Nerd Rock Nirvana

Death Cab for Cutie could become the biggest Seattle band since the grunge nineties

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Below is an excerpt of an article that originally appeared in RS 983 from September 22, 2005. This issue and the rest of the Rolling Stone archives are available via Rolling Stone Plus, Rolling Stone's premium subscription plan. If you are already a subscriber, you can click here to see the full story. Not a member? Click here to learn more about Rolling Stone Plus.

 

As a teenager living in bremerton, Washington, in the early Nineties, Death Cab for Cutie frontman Ben Gibbard would take an hour's ferry ride across Puget Sound to Seattle to catch shows at one of the only all-ages venues in town, the OK Hotel. Gibbard was a high school math and science whiz who says he was "brought up with strictly mainstream rock." The OK Hotel was where all that changed: a tiny, now-defunct club where artists such as Mudhoney and Built to Spill and Beat Happening and Nirvana played. Gibbard, who in addition to being a good student also swam competitively, was not the kind of kid to break curfew. The last boat of the night usually cast off at 11:30, and, often, Gibbard was able t catch only a few songs by the headliner before sprinting a quarter mile on the waterfront to the ferry terminal. "If he missed that last ferry, he was screwed," says his father, Alan.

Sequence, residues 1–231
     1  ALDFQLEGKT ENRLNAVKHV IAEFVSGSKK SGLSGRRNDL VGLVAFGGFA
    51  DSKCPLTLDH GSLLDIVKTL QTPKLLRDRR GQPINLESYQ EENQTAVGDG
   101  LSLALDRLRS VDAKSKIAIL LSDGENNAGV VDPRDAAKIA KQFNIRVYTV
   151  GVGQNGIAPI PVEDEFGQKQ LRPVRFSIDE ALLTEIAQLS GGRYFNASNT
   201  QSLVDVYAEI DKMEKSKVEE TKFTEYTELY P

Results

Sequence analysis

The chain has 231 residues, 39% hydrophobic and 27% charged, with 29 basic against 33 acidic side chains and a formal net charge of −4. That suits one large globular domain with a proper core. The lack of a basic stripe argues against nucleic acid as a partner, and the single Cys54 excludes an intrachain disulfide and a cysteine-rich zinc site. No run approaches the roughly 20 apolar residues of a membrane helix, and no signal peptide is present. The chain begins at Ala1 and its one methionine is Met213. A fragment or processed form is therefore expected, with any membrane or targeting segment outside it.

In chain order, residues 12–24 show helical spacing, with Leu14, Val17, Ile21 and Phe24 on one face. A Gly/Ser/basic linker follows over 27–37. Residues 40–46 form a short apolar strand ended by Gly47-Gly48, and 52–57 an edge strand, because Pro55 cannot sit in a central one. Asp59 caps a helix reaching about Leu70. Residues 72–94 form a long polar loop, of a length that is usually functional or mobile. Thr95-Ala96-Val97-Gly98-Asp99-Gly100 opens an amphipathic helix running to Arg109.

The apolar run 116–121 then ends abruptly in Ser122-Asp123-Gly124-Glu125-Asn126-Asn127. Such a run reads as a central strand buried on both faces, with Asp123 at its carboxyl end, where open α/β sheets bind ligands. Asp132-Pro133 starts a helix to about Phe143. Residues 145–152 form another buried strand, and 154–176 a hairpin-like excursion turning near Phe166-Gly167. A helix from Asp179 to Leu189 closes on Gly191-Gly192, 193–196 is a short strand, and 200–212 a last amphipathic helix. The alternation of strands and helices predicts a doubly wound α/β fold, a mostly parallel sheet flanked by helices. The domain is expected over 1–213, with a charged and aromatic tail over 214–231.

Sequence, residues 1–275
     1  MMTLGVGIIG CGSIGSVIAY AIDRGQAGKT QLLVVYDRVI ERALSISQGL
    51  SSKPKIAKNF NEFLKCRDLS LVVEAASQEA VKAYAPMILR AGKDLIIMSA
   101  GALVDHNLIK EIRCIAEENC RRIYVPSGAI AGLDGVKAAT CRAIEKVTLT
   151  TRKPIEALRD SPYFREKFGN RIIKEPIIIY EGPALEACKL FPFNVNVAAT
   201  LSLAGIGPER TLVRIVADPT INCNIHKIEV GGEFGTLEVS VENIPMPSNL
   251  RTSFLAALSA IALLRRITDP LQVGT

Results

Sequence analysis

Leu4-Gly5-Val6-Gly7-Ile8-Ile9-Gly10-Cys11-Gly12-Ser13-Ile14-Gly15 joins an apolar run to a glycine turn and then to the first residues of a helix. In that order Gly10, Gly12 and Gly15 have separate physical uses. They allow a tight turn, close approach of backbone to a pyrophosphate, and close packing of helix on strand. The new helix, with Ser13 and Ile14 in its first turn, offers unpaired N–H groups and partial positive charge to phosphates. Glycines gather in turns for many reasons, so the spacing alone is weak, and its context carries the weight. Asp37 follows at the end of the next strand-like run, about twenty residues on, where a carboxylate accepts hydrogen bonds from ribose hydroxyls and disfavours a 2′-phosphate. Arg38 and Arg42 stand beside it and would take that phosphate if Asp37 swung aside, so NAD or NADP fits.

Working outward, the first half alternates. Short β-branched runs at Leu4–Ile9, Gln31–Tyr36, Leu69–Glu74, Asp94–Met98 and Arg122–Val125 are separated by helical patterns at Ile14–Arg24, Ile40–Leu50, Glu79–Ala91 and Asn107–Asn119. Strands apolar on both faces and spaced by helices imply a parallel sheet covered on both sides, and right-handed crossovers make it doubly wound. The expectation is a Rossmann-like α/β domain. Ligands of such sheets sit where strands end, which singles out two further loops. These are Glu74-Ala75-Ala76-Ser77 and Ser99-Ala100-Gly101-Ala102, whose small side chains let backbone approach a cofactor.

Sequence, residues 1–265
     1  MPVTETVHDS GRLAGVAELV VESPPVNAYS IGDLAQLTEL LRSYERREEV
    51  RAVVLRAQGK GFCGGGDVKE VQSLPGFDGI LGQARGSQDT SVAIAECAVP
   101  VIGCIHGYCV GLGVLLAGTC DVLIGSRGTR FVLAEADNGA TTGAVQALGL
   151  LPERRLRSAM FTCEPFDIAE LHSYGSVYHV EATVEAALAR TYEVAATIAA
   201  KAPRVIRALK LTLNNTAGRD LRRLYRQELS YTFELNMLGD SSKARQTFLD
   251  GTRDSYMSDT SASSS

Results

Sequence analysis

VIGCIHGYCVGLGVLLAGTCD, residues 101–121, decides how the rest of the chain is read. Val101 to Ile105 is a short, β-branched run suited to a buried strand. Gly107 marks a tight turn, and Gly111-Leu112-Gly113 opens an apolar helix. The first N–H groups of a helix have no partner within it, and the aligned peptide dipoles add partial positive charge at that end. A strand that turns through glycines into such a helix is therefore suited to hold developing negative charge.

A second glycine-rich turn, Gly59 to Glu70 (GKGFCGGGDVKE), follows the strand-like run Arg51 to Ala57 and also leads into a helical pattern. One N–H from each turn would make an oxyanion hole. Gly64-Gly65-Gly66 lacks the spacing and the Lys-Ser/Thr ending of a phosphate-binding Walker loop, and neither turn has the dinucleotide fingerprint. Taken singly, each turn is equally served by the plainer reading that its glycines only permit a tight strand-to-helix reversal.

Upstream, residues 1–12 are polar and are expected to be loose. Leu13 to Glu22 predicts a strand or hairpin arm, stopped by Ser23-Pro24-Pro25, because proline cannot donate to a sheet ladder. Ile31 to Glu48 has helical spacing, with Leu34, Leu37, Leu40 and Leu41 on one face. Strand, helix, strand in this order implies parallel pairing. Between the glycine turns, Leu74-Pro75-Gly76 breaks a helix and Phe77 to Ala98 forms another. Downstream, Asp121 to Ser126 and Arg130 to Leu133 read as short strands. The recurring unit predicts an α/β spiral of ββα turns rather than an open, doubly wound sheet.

"The OK Hotel could hold may be 200 people," says Gibbard, "but to me, any bands that were playing there were already rock stars. I'd go see shows and be like, "These guys are amazing, and you can talk to them after the show?' I remember thinking, 'Wow, it would be so great to someday do what [Built to Spill singer] Doug Martsch does.' "

Now approaching thirty, Gibbard and his bandmates — bassist Nick Harmer, guitarist Chris Walla and drummer Jason McGerr — have surpassed most of their heroes by a mile to become the reigning kings of twenty-first-century indie rock. Driven by organic yet synthy rhythms, layered with dreamy guitar and keyboard melodies, Death Cab's songs convey a sense of longing and detachment, like bittersweet love poems penned by guys who are too brainy and self-conscious to put their hearts on their sleeves. Gibbard's lyrics obsess over the details that speak volumes, like a peeling sunburn that marks the end of a summer romance.

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From The Archives Issue 983: September 22, 2005